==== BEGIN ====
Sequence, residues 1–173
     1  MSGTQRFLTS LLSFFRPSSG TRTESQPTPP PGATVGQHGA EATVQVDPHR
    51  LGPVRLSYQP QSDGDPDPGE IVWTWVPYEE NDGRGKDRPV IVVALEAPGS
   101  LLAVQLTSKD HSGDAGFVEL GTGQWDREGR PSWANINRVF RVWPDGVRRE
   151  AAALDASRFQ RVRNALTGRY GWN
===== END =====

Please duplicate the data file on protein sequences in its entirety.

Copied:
Sequence, residues 1–173
     1  MSGTQRFLTS LLSFFRPSSG TRTESQPTPP PGATVGQHGA EATVQVDPHR
    51  LGPVRLSYQP QSDGDPDPGE IVWTWVPYEE NDGRGKDRPV IVVALEAPGS
   101  LLAVQLTSKD HSGDAGFVEL GTGQWDREGR PSWANINRVF RVWPDGVRRE
   151  AAALDASRFQ RVRNALTGRY GWN